It was evening, and all these personages at Enckworth Court were merry, snug, and warm within its walls. Dinner-time had passed, and everything had gone on well, when Mrs. Tara O’Fanagan, who had a gold-clamped tooth, which shone every now and then, asked Ethelberta if she would amuse them by telling a story, since nobody present, except Lord Mountclere, had ever heard one from her lips.

Seeing that Ethelberta had been working at that art as a profession, it can hardly be said that the question was conceived with tact, though it was put with grace. Lord Mountclere evidently thought it objectionable, for he looked unhappy. To only one person in the brilliant room did the request appear as a timely accident, and that was to Ethelberta herself. Her honesty was always making war upon her manoeuvres, and shattering their delicate meshes, to her great inconvenience and delay. Thus there arose those devious impulses and tangential flights which spoil the works of every would-be schemer who instead of being wholly machine is half heart. One of these now was to show herself as she really was, not only to Lord Mountclere, but to his friends assembled, whom, in her ignorance, she respected more than they deserved, and so get rid of that self-reproach which had by this time reached a morbid pitch, through her over-sensitiveness to a situation in which a large majority of women and men would have seen no falseness.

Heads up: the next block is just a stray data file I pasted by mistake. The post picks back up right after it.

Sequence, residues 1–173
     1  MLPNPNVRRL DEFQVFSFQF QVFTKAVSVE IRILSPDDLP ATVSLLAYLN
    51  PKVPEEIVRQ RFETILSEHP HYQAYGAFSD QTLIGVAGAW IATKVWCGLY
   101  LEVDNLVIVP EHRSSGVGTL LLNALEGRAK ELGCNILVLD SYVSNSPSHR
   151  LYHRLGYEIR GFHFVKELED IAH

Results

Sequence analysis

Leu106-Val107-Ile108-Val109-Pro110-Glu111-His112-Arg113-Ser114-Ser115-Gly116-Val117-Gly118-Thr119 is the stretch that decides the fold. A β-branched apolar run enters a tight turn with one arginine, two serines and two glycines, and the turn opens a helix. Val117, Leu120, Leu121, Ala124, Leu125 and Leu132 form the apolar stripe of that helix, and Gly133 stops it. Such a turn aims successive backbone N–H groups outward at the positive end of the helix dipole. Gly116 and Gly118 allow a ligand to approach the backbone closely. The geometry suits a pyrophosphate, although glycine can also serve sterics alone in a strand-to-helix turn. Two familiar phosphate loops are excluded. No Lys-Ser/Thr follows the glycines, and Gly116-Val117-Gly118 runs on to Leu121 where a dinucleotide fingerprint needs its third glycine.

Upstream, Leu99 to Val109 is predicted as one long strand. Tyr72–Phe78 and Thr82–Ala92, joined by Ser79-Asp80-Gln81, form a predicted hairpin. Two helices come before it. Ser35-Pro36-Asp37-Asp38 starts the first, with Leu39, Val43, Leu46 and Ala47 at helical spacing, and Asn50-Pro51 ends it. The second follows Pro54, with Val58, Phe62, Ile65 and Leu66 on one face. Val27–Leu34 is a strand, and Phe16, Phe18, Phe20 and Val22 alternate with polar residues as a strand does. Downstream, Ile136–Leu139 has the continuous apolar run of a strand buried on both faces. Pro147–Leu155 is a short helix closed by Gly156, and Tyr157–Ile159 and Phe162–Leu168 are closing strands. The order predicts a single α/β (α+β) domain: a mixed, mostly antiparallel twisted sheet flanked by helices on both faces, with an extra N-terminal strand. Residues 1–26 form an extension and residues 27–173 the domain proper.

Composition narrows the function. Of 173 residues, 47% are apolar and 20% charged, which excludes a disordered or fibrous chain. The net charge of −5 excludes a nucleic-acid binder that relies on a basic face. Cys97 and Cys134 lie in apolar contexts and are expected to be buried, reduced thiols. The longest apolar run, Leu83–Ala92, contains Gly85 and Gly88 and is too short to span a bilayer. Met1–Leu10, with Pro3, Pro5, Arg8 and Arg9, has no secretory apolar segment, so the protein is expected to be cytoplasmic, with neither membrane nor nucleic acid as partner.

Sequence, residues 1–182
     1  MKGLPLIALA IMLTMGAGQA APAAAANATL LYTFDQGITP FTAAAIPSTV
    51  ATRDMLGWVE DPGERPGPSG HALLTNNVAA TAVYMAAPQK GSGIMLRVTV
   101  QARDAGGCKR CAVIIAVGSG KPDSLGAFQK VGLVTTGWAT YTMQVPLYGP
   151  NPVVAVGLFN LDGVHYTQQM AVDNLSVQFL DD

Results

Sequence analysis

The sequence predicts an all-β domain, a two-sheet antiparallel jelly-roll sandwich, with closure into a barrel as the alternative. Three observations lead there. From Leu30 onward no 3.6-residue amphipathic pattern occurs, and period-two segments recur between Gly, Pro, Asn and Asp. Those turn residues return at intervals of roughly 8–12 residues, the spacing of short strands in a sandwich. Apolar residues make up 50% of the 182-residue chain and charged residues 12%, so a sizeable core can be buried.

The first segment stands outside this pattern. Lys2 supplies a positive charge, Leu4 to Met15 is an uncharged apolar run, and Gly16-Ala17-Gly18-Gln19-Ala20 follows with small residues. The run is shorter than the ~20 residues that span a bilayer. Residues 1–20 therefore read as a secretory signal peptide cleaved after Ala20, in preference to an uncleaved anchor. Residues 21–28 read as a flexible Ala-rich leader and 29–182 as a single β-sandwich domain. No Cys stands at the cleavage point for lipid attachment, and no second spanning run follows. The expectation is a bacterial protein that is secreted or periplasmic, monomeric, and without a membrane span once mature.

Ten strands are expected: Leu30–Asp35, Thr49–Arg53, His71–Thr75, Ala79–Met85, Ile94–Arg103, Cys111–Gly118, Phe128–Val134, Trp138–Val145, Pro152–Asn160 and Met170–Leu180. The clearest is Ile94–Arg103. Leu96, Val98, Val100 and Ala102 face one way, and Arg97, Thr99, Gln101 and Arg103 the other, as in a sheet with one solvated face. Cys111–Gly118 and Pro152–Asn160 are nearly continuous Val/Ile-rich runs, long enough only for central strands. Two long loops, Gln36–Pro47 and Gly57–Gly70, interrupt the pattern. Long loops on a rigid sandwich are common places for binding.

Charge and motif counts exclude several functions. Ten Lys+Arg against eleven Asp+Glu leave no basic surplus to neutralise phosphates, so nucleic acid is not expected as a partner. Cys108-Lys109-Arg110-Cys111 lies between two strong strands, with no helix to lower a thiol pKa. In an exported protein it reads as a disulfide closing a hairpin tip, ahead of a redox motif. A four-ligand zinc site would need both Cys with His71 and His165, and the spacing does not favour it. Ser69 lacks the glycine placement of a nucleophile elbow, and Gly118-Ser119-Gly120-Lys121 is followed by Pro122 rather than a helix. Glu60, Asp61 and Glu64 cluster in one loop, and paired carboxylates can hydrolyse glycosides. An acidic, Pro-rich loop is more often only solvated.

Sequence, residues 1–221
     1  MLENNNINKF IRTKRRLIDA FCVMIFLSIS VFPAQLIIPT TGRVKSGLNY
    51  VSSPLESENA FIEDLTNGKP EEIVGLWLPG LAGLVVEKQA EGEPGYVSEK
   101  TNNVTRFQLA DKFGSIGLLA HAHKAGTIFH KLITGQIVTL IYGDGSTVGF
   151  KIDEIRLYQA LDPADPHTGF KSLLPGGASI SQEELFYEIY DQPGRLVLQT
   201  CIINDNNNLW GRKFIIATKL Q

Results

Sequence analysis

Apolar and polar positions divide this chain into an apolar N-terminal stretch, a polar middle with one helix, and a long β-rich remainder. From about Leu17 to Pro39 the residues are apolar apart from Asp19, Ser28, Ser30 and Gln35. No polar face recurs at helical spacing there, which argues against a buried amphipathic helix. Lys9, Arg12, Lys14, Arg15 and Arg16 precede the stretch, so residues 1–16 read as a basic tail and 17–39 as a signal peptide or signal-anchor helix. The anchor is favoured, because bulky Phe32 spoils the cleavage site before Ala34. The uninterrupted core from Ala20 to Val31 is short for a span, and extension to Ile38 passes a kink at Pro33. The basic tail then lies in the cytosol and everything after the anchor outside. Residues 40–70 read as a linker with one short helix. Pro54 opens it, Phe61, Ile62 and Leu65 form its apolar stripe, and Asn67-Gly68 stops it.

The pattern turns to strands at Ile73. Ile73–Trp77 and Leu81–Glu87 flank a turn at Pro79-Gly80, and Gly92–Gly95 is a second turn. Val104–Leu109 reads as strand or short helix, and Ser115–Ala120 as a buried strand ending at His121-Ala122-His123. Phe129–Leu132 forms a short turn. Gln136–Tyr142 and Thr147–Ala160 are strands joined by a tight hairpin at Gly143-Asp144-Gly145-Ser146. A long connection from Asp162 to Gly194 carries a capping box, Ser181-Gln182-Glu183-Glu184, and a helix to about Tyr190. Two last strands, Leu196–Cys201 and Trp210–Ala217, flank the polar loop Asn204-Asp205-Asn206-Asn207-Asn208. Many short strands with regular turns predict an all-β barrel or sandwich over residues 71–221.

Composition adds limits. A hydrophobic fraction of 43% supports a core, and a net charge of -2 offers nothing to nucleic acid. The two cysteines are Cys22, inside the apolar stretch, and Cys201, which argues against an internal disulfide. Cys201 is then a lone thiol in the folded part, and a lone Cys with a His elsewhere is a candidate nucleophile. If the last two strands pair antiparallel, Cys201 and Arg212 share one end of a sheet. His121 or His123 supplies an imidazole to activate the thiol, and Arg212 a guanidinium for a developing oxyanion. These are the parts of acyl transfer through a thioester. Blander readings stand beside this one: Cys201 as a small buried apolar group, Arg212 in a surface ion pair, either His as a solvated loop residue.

Full of this curious intention, she quietly assented to the request, and laughingly bade them put themselves in listening order.

‘An old story will suit us,’ said the lady who had importuned her. ‘We have never heard one.’

‘No; it shall be quite new,’ she replied. ‘One not yet made public; though it soon will be.’

The narrative began by introducing to their notice a girl of the poorest and meanest parentage, the daughter of a serving-man, and the fifth of ten children. She graphically recounted, as if they were her own, the strange dreams and ambitious longings of this child when young, her attempts to acquire education, partial failures, partial successes, and constant struggles; instancing how, on one of these occasions, the girl concealed herself under a bookcase of the library belonging to the mansion in which her father served as footman, and having taken with her there, like a young Fawkes, matches and a halfpenny candle, was going to sit up all night reading when the family had retired, until her father discovered and prevented her scheme. Then followed her experiences as nursery-governess, her evening lessons under self-selected masters, and her ultimate rise to a higher grade among the teaching sisterhood. Next came another epoch. To the mansion in which she was engaged returned a truant son, between whom and the heroine an attachment sprang up. The master of the house was an ambitious gentleman just knighted, who, perceiving the state of their hearts, harshly dismissed the homeless governess, and rated the son, the consequence being that the youthful pair resolved to marry secretly, and carried their resolution into effect. The runaway journey came next, and then a moving description of the death of the young husband, and the terror of the bride.